Containing costs and ensuring appropriate capital allocation
Why it's material
We cannot achieve our vision of being a sustainable business with an exciting future in woodfibre that provides relevant solutions, delivers enhanced value and is a trusted partner to all our stakeholders, unless we grow profitably.
How this issue links to other aspects of our business
Our global priority SDGs
Our top ten risks
- 2 Cyclical macro-economic context
- 4 Liquidity
- 6 Project implementation and execution
Our strategic fundamentals
- Grow our business
- Sustain our financial health
- Drive operational excellence
The global forces shaping our Thrive25 strategy
- Changing consumer and employee profiles
- Growing populations with increasing rates of urbanisation
|OUR 2025 TARGET|
RETURN ON CAPITAL EMPLOYED (ROCE)
As a responsible business operating in many locations around the world, this broad goal aligns with our focus on being a responsible corporate citizen and providing a safe working environment in which our employees can reach their full potential.
Cost containment is a strategic pillar of competitive advantage, as is agility, which is central to the way we operate. We have a history of being agile to difficult trading conditions and we build on this to respond to unexpected developments like Covid-19.
Key developments in 2020
During Covid-19, all our production, warehousing and distribution facilities were designated as essential throughout our operating geographies. Other than the temporary closure of our Condino Mill in Italy for 10 days, all facilities were operational in alignment with lockdown and social distancing guidelines. However, the actions taken by governments across the world to reduce the spread of the virus created significant uncertainty in our markets and in general reduced demand or made it difficult for product to reach its destination. This necessitated the implementation of various cost saving measures across our operations in order to preserve liquidity and cash flow.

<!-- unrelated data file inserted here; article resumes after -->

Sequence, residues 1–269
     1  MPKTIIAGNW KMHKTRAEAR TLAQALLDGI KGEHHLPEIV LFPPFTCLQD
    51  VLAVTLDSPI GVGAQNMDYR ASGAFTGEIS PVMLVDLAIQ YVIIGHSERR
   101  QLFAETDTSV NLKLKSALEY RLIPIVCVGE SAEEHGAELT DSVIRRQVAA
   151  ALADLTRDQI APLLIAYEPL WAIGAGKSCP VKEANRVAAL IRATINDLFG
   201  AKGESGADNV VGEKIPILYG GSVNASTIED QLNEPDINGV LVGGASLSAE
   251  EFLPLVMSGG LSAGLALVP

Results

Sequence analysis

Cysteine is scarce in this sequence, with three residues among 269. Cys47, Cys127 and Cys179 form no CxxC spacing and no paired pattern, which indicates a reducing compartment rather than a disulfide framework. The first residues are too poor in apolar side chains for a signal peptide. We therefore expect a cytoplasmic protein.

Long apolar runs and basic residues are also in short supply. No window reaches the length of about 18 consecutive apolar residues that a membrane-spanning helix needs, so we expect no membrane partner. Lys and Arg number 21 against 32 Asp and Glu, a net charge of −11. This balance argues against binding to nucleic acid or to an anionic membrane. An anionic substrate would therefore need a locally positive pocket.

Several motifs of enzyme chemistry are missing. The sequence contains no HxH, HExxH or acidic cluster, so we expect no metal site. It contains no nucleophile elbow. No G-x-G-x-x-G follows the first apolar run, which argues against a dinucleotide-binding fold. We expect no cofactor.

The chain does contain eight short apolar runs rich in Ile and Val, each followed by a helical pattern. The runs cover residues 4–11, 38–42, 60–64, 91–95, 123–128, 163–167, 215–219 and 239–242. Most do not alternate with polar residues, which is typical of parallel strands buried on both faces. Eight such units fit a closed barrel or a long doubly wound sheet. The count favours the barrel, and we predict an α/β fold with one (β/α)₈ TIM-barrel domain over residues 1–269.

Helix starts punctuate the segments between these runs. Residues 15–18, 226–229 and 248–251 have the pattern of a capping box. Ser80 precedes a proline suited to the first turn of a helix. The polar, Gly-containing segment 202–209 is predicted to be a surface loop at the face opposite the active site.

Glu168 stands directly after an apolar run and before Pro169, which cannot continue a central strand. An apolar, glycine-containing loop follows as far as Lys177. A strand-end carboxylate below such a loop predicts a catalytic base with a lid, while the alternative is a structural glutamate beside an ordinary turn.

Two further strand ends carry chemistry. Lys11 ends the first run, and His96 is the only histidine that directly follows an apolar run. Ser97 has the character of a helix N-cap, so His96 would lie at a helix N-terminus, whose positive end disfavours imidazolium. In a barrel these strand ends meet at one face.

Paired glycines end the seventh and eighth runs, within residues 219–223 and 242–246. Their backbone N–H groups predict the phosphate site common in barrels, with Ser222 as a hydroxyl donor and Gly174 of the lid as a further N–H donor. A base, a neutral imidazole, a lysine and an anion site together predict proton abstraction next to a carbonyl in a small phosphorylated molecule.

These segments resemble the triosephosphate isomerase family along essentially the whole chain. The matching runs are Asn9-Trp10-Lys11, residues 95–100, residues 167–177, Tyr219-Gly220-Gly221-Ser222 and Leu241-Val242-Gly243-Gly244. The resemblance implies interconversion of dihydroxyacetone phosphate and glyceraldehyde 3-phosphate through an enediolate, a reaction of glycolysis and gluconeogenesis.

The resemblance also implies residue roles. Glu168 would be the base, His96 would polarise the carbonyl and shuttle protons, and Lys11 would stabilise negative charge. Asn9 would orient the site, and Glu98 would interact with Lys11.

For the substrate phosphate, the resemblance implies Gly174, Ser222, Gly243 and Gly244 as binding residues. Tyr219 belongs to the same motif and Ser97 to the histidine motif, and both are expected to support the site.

These measures included furloughing a number of employees in Europe and North America on temporary unemployment; curtailing excess production including temporarily shutting Paper Machine (PM) 7 at our Lanaken Mill and applying measures to optimise working capital. Where possible, we deferred non-essential capital expenditure. Due to government lockdown regulations that stopped all construction projects, we declared, we declared force majeure at Saiccor Mill (discussed in further here). We shifted annual maintenance shutdowns at Ngodwana, Saiccor and Tugela Mills to as late as possible and postponed other material discretionary projects including Ngodwana Energy, our sugar extraction plant at Ngodwana Mill, the fuel rod plant at Tugela Mill and the planned furfural pilot plant at Saiccor Mill.
In line with our focus on taking decisive action to reduce costs and respond to market demand and disclosure in 2019 that we would review our assets in Europe and North America, we permanently shut PM9 and major components of the energy complex at our Westbrook Mill. We shifted PM9's base paper production to Cloquet and Somerset Mills, thereby leveraging our premium paper making assets in the region and continuing to provide an integrated solution to our global release paper customer base. The restructuring has allowed us to compete more effectively and enabled Westbrook Mill to focus on its core competencies of speciality coating, texture application and customised product designs, restoring the site as a healthy financial contributor.
In addition, following a thorough consultation process, we reached an agreement with mill employees to permanently close PM2 at Stockstadt Mill (coated woodfree paper production capacity of 240,000 tpa. The mill will now focus on its growing uncoated woodfree offering.
The actions taken mean that both mills are now better placed to compete in the marketplace and deliver increased returns.